This soup was one of my Mother and Grandmother’s regular soups. There is a debate as to whether Cabbage Borscht is Borscht or if Beet Borscht is the only real Borscht. Both are staples in many Jewish households. My mother tended to make the cabbage version more often. She used a soup bone and soup meat. Occasionally she made the hot beet version also with meat. More often she would open a jar of store bought beet borscht- served cold with sour cream and diced cucumbers. This was good for a dairy meal or especially during Passover. It was refreshing in the summer heat. I personally prefer the cabbage version.
My grandmother was from Romania, my grandfather was from Russia. On my father’s side, he was from Lithuania. I’m not sure where this soup originated in my family. Researching the soup history shows it was a staple in Jewish households as well as non-Jewish households from many different countries. It may have originated in the Byzantine period of the 9th Century when cabbages were introduced to Byzantium. Every country and century seems to have a version of the soup. Some make it just sour, some sweet and sour. Most have meat, but my preference is a vegetarian version that leans towards the sweet side.
My version is a hearty vegetarian soup. It has a sweet and sour tang (I prefer it more on the sweet side). I’ve tried it sugar-free with Stevia and also had good results. You can make it more on the sour side by adding a squeeze of lemon or a very small pinch of sour salt (citric acid)—very, very small. I ruined a pot of soup by adding too much and haven’t used it since. The tomatoes and juice tend to have a slight tartness alone, so you don’t need much unless you like it to be very sour. Whatever version you make, it will be delicious!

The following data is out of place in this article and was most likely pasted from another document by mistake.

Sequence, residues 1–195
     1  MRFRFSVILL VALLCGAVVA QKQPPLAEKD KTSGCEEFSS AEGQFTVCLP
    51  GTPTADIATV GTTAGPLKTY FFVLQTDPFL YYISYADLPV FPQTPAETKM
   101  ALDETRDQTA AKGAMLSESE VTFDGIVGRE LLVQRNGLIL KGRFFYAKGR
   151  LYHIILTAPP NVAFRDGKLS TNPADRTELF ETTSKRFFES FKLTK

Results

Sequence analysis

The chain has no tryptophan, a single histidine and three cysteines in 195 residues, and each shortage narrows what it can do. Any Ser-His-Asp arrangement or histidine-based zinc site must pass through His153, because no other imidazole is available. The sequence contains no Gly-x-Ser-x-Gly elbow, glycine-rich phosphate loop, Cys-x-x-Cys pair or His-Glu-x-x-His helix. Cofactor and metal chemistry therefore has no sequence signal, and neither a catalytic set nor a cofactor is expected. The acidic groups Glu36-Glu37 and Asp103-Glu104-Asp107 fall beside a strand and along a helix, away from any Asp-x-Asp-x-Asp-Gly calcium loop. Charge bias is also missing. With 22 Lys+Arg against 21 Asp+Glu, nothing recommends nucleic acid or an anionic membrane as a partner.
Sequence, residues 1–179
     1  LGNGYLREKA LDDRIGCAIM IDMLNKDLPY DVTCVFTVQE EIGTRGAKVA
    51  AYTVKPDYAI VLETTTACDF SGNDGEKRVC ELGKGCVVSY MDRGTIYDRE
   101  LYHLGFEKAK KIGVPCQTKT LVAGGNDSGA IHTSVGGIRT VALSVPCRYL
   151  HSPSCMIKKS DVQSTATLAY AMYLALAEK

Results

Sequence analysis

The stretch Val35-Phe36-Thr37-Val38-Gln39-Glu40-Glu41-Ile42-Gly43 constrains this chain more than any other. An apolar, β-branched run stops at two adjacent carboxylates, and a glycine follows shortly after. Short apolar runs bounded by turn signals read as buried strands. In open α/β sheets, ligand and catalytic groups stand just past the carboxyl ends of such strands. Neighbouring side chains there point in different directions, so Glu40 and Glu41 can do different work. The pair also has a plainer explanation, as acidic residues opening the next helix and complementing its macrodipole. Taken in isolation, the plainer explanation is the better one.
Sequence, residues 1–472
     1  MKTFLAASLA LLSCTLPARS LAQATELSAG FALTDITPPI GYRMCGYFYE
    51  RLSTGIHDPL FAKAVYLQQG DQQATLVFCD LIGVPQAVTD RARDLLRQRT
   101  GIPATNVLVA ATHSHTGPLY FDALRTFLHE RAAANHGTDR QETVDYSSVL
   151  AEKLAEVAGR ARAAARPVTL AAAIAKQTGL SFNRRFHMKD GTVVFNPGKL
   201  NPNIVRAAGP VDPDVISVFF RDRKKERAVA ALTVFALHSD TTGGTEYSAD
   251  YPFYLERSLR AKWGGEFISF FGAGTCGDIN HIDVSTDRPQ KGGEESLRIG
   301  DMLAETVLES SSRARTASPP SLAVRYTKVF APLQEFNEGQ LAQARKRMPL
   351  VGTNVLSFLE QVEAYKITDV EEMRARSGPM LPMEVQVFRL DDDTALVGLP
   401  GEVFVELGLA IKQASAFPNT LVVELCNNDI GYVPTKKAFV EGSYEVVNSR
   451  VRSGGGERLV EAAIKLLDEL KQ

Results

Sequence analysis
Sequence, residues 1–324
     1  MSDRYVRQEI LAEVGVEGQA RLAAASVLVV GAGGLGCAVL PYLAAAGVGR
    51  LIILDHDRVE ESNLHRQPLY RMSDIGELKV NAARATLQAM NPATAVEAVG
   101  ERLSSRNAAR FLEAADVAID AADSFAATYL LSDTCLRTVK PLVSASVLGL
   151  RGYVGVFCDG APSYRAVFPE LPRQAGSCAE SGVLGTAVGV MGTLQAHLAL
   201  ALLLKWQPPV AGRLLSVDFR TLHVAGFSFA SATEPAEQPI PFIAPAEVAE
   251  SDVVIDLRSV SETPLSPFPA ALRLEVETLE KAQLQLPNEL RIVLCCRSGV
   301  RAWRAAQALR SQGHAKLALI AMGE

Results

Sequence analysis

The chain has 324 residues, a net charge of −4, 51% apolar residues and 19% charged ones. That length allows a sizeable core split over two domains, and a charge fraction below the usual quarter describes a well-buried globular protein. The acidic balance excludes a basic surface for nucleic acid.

1 -12 ounce bag of coleslaw mix (cabbage and carrots grated)
1-8 ounce bag of frozen mixed vegetables
6 ounces of frozen corn
1-28 ounces of crushed tomatoes
1- 14.5 ounce can of diced tomatoes
1-46 ounce bottle of V8 juice (or tomato juice)
1-32 ounce vegetable stock
6 tablespoons garlic powder
4-5 tablespoons Montreal seasoning
1 tablespoon salt (20 grinds of salt grinder)
1/8-1/4 cup of sugar (can start with less and adjust after cooking). (As my husband prefers it less sweet I often add it to my bowl with some stevia)
Optional sour choices -squeeze of a lemon, tiny pinch of sour salt (I leave these out)
This soup gets better the more it is cooked. Lean towards the longer cooking times.
Place all ingredients in the pot. Cook on high for 4-5 hours, on low for 8-9 hours. Adjust sweet/sour flavor as needed.
Place all ingredients in the pot. Use Soup function button. Adjust for 3:00. Let pressure release naturally. Adjust sweet/sour flavor as needed.
Place all ingredients in Dutch oven or stock pot. Bring to a boil, then simmer on low for 3-4 hours. Stir frequently. Adjust sweet/sour flavor as needed.